2848# From: Adam Thompson <athompso@pangea.ca> Sept 10 1995
2849z340|zstem vt340 terminal emulator 132col 42line,
2850 lines#42,
2851 is2=\E>\E[?3h\E[?4l\E[?5l\E[?7h\E[?8h\E[1;42r\E[42;1H,
2852 rs2=\E>\E[?3h\E[?4l\E[?5l\E[?7h\E[?8h\E[1;42r\E[42;1H,
2853 use=vt320-w,
2854z340-nam|zstem vt340 terminal emulator 132col 42line (no automatic margins),
2855 am@,
2856 is2=\E>\E[?3h\E[?4l\E[?5l\E[?7l\E[?8h\E[1;42r\E[42;1H,
2857 rs2=\E>\E[?3h\E[?4l\E[?5l\E[?7l\E[?8h\E[1;42r\E[42;1H,
2858 use=z340,
2860# CRT is shareware. It implements some xterm features, including mouse.
2861crt|crt-vt220|CRT 2.3 emulating VT220,
2862 bce, msgr,
2863 ncv@,
2864 hts=\EH, use=vt100+enq, use=vt220, use=ecma+color,
2866# PuTTY 0.55 (released 3 August 2004)
2867# http://www.chiark.greenend.org.uk/~sgtatham/putty/
2869# Comparing with 0.51, vttest is much better (only a few problems with the
2870# cursor position reports and wrapping).
2872# PuTTY 0.51 (released 14 December 2000)
2874# This emulates vt100 + vt52 (plus a few vt220 features: ech, SRM, DECTCEM, as
2875# well as SCO and Atari, color palettes from Linux console). Reading the code,
2876# it is intended to be VT102 plus selected features. By default, it sets $TERM
2877# to xterm, which is incorrect, since several features are misimplemented:
2879# Alt+key always sends ESC+key, so 'km' capability is removed.
2881# Control responses, wrapping and tabs are buggy, failing a couple of
2882# screens in vttest.
2884# xterm mouse support is not implemented (unrelease version may).
2886# Several features such as backspace/delete are optional; this entry documents
2887# the default behavior -TD
2889putty|PuTTY terminal emulator,
2890 am, bce, bw, ccc, hs, mir, msgr, xenl, xon, XT,
2891 colors#8, it#8, ncv#22, pairs#64, U8#1,
2892 acsc=``aaffggjjkkllmmnnooppqqrrssttuuvvwwxxyyzz{{||}}~~,
2893 bel=^G, blink=\E[5m, bold=\E[1m, cbt=\E[Z, civis=\E[?25l,
2894 clear=\E[H\E[J, cnorm=\E[?25h, cr=^M,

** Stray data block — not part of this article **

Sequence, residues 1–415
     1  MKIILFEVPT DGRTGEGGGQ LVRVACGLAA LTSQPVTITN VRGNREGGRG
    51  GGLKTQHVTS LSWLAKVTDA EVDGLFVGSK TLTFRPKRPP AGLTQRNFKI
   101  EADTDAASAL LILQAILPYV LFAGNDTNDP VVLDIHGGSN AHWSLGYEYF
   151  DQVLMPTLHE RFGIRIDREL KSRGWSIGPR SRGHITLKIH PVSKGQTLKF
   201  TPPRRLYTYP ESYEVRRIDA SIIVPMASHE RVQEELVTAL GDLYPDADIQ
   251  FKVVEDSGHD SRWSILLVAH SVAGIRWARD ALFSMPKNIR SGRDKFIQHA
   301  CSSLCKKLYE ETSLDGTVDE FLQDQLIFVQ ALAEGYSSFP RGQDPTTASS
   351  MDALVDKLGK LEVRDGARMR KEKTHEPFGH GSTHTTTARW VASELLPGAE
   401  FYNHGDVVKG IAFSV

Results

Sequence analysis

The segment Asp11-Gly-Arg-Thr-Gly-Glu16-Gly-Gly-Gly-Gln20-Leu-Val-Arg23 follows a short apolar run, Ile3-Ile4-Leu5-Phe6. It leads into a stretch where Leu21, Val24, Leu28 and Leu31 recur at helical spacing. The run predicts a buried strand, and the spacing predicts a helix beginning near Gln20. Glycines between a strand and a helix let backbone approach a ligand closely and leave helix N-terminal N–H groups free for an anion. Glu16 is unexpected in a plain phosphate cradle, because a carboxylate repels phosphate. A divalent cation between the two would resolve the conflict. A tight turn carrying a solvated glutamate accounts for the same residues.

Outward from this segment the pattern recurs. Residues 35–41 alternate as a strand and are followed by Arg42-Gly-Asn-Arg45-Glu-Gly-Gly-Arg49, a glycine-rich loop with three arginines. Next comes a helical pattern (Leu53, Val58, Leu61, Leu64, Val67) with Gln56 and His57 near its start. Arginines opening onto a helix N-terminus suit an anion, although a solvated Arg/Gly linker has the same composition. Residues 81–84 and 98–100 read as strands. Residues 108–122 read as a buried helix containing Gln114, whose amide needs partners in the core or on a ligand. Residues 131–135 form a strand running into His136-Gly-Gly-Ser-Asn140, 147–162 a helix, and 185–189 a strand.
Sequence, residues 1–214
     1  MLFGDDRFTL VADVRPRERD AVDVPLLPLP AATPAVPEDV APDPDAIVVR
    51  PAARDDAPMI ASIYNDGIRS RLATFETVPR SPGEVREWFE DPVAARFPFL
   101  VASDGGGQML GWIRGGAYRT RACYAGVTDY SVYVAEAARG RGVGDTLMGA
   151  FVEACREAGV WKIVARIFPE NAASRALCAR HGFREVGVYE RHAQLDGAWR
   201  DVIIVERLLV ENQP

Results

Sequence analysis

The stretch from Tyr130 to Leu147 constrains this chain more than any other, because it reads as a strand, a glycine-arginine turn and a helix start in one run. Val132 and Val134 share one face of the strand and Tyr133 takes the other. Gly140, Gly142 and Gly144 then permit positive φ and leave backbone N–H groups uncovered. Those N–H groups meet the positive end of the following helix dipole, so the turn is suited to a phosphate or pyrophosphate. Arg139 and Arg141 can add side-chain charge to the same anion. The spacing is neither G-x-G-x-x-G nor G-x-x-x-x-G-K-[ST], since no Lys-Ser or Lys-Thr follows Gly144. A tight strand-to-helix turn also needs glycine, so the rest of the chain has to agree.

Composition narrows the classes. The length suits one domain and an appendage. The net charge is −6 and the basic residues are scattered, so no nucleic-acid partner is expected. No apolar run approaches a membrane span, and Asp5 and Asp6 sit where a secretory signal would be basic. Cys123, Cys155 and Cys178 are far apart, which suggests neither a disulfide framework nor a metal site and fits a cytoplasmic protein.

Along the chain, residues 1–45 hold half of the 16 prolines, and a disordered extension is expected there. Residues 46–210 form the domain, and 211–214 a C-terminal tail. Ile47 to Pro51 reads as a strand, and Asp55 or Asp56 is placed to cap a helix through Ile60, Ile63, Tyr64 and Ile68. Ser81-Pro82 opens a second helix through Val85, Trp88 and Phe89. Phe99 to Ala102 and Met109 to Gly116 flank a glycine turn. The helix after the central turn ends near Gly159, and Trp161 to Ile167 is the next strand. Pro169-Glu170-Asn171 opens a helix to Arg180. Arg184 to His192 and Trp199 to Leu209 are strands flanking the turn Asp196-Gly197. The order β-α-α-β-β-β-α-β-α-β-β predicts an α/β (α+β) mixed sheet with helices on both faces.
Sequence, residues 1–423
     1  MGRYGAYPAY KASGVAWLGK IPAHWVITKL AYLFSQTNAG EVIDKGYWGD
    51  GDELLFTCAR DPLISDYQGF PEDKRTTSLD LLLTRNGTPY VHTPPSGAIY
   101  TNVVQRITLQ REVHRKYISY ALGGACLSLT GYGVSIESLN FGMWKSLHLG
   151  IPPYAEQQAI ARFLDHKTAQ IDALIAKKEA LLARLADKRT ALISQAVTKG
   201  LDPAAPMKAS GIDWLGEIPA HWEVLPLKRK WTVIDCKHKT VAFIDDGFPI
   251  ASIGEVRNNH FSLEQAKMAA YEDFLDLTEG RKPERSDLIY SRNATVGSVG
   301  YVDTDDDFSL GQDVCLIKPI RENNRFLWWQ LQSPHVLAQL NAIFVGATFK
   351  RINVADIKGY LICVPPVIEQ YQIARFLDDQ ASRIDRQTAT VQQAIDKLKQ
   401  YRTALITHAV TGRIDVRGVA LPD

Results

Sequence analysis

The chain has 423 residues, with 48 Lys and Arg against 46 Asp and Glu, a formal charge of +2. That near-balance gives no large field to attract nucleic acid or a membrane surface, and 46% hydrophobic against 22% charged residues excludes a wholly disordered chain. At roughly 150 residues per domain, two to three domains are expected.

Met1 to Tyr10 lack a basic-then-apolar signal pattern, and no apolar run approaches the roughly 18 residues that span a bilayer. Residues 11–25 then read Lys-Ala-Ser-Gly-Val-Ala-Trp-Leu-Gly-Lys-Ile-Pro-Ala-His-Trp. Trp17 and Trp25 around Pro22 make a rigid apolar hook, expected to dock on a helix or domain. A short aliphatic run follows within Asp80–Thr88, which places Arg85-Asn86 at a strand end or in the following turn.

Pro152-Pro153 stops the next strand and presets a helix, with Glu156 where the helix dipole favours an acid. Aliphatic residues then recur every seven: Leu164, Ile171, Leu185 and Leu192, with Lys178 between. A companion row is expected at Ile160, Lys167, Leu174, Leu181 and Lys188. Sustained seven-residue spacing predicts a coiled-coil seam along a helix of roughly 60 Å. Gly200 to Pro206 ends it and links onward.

2895 csr=\E[%i%p1%d;%p2%dr, cub=\E[%p1%dD, cub1=^H,
2896 cud=\E[%p1%dB, cud1=\ED, cuf=\E[%p1%dC, cuf1=\E[C,
2897 cup=\E[%i%p1%d;%p2%dH, cuu=\E[%p1%dA, cuu1=\EM,
2898 dch=\E[%p1%dP, dch1=\E[P,
2899 dispc=%?%p1%{8}%=%t\E%%G\342\227\230\E%%@%e%p1%{10}%=%t\E%%G\342\227\231\E%%@%e%p1%{12}%=%t\E%%G\342\231\0\E%%@%e%p1%{13}%=%t\E%%G\342\231\252\E%%@%e%p1%{14}%=%t\E%%G\342\231\253\E%%@%e%p1%{15}%=%t\E%%G\342\230\274\E%%@%e%p1%{27}%=%t\E%%G\342\206\220\E%%@%e%p1%{155}%=%t\E%%G\340\202\242\E%%@%e%p1%c%;,
2900 dl=\E[%p1%dM, dl1=\E[M, dsl=\E]0;\007, ech=\E[%p1%dX,
2901 ed=\E[J, el=\E[K, el1=\E[1K, enacs=\E(B\E)0,
2902 flash=\E[?5h\E[?5l, fsl=^G, home=\E[H, hpa=\E[%i%p1%dG,
2903 ht=^I, hts=\EH, il=\E[%p1%dL, il1=\E[L, ind=^J,
2904 indn=\E[%p1%dS,
2905 initc=\E]P%p1%x%p2%{255}%*%{1000}%/%02x%p3%{255}%*%{1000}%/%02x%p4%{255}%*%{1000}%/%02x,
2906 is2=\E7\E[r\E[m\E[?7h\E[?1;4;6l\E[4l\E8\E>\E]R,
2907 kb2=\E[G, kbs=\177, kcbt=\E[Z, kcub1=\E[D, kcud1=\E[B,
2908 kcuf1=\E[C, kcuu1=\E[A, kdch1=\E[3~, kend=\E[4~,
2909 kf1=\E[11~, kf10=\E[21~, kf11=\E[23~, kf12=\E[24~,
2910 kf13=\E[25~, kf14=\E[26~, kf15=\E[28~, kf16=\E[29~,
2911 kf17=\E[31~, kf18=\E[32~, kf19=\E[33~, kf2=\E[12~,
2912 kf20=\E[34~, kf3=\E[13~, kf4=\E[14~, kf5=\E[15~,
2913 kf6=\E[17~, kf7=\E[18~, kf8=\E[19~, kf9=\E[20~,
2914 khome=\E[1~, kich1=\E[2~, kmous=\E[M, knp=\E[6~, kpp=\E[5~,
2915 kspd=^Z, nel=^M^J, oc=\E]R, op=\E[39;49m, rc=\E8, rev=\E[7m,
2916 ri=\EM, rin=\E[%p1%dT, rmacs=^O, rmam=\E[?7l,
2917 rmcup=\E[2J\E[?47l, rmir=\E[4l, rmpch=\E[10m,
2918 rmso=\E[27m, rmul=\E[24m,
2919 rs2=\E<\E["p\E[50;6"p\Ec\E[?3l\E]R\E[?1000l,
2920 s0ds=\E[10m, s1ds=\E[11m, s2ds=\E[12m, sc=\E7,
2921 setab=\E[4%p1%dm, setaf=\E[3%p1%dm,
2922 sgr=\E[0%?%p1%p6%|%t;1%;%?%p2%t;4%;%?%p1%p3%|%t;7%;%?%p4%t;5%;m%?%p9%t\016%e\017%;,
2923 sgr0=\E[m\017, smacs=^N, smam=\E[?7h, smcup=\E[?47h,
2924 smir=\E[4h, smpch=\E[11m, smso=\E[7m, smul=\E[4m,
2925 tbc=\E[3g, tsl=\E]0;, vpa=\E[%i%p1%dd, use=vt102+enq,
2926vt100-putty|Reset PuTTY to pure vt100,
2927 rs2=\E<\E["p\Ec\E[?3l\E]R\E[40"p\E[61"p\E[50;1;2"p,
2928 use=vt100,
2929# palette is hardcoded...
2930putty-256color|PuTTY 0.58 with xterm 256-colors,
2931 initc@, use=xterm+256color, use=putty,
2933# One of the keyboard selections is "VT100+".
2934# pterm (the X11 port) uses shifted F1-F10 as F11-F20
2935putty-vt100|VT100+ keyboard layout,
2936 kf1=\EOP, kf10=\EOY, kf11=\EOZ, kf12=\EO[, kf2=\EOQ,
2937 kf3=\EOR, kf4=\EOS, kf5=\EOT, kf6=\EOU, kf7=\EOV, kf8=\EOW,
2938 kf9=\EOX, use=putty,
2940# This entry is for Tera Term Pro version 2.3, for MS-Windows 95/NT written by
2941# T. Teranishi dated Mar 10, 1998. It is a free software terminal emulator